Airbnb critics join in Sen. Elizabeth Warren's call for transparent data

As soaring demand has sent rents skyward across many urban centers in the United States, city leaders have tried to identify problems and find affordable housing solutions for working class and poor residents. More than 40 of these local leaders said Thursday that they suspect Airbnb and similar short-term rental services could be, in part, to blame. Click here to read the rest of this story.

Lawmakers and community groups call for federal action against Airbnb and HomeAway

In a letter to the Federal Trade Commission, lawmakers and community groups are asking the U.S. government to investigate how many Airbnb and HomeAway rentals are operating like hotels. They say it’s difficult to implement effective policy without concrete data on the impact these services have on cities. Click here to read the rest of this article.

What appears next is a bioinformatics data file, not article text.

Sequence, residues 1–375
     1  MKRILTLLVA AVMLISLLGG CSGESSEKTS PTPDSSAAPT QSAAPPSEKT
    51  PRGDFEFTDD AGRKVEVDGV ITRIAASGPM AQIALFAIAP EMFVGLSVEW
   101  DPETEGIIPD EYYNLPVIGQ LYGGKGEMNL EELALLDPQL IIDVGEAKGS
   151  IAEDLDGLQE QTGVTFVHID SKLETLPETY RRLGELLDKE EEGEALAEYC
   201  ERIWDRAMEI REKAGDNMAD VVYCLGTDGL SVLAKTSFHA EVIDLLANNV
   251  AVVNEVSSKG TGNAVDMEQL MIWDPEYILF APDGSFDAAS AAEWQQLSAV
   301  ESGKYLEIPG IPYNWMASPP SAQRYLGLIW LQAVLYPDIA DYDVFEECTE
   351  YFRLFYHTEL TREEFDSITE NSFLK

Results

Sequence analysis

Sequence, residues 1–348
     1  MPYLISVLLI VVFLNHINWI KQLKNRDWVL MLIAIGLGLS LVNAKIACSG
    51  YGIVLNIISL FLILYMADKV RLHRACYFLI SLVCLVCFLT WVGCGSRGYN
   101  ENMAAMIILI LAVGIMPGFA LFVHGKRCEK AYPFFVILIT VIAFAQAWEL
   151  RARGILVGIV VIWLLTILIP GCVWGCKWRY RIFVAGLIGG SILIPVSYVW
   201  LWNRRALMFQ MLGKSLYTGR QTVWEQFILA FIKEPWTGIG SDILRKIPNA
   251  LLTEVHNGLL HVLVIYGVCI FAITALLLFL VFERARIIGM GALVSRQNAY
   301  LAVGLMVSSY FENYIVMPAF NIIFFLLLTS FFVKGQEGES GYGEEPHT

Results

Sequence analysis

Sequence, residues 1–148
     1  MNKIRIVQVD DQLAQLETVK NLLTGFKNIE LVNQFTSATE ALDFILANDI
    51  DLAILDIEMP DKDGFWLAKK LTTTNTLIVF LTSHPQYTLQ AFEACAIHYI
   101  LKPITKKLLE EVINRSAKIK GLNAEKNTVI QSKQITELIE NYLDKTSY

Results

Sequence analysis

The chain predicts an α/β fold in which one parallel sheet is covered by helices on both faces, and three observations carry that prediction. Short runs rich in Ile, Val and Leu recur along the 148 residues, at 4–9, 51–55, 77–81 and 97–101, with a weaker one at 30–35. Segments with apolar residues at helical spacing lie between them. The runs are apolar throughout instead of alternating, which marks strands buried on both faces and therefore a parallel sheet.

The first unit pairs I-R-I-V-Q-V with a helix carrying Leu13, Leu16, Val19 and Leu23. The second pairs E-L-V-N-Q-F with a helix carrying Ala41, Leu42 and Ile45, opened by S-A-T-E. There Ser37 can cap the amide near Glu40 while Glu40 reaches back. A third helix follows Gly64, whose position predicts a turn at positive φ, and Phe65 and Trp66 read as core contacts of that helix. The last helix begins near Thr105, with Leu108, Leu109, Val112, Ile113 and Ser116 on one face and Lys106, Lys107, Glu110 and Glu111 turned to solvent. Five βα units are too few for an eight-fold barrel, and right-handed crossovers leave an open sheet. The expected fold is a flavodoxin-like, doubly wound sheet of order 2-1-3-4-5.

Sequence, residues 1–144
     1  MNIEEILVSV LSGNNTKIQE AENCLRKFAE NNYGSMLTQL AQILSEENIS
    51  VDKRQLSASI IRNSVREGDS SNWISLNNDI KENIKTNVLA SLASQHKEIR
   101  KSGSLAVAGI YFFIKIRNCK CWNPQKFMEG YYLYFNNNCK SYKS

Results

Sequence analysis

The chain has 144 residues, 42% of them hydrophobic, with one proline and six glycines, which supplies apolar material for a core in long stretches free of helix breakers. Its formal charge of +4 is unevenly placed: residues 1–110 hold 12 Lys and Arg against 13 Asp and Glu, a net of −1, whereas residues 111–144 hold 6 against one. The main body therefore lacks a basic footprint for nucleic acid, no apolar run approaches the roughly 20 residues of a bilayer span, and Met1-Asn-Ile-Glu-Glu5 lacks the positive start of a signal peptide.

City leaders ask FTC to ‘take action’ on Airbnb

A group of 25 elected officials and 17 community groups is calling on the Federal Trade Commission to collect data on Airbnb listings and the revenue the listings generate. The rationale is that the data could help shape a policy to regulate short-term rentals, as city leaders say housing costs are rising amid housing shortages. The letter adds on to a similar call from Senators Elizabeth Warren, Dianne Feinstein and Brian Schatz in July. Click here to read the rest of the article.

Clean Power Plan for All

The U.S. Environmental Protection Agency’s Clean Power Plan (CPP) provides the first ever national protections against dangerous carbon pollution from existing power plants. The CPP presents a historic opportunity to not only accelerate America’s transition to a clean energy economy, but also to improve the health, environment, and local economies of communities overburdened by air pollution and the effects of climate change.

Uber, Bike-Share & More Are Factors in Tomorrow's Transit Agency

St. Petersburg, Florida — a city of about 257,000 residents sitting on the Gulf Coast next to Tampa — people have just a few options for getting around town. They can, of course, drive personal cars, walk or bike; catch a bus operated by the Pinellas Suncoast Transit Authority (PSTA); or hire taxis and Ubers. From February to August this year, the last mode choice on that list was likely the cheapest, most efficient option for accessing the bus. Click here to read the rest of this article.


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